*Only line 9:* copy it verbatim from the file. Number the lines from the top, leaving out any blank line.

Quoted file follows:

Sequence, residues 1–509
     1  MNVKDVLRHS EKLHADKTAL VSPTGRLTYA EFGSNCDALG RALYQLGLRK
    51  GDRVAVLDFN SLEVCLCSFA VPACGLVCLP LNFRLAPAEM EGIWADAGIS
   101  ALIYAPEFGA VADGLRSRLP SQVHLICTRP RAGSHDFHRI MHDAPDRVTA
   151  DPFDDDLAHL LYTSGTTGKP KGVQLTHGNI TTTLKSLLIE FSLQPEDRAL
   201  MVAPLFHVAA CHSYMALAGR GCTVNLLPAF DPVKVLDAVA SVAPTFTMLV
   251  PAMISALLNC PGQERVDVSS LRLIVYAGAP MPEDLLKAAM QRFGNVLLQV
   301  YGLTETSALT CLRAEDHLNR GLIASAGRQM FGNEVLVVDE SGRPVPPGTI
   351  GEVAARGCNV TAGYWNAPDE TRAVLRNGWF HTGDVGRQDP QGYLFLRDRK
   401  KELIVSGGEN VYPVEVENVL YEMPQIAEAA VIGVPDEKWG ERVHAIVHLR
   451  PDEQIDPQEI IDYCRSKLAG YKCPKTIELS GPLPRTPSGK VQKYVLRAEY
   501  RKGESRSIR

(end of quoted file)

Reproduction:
   351  GEVAARGCNV TAGYWNAPDE TRAVLRNGWF HTGDVGRQDP QGYLFLRDRK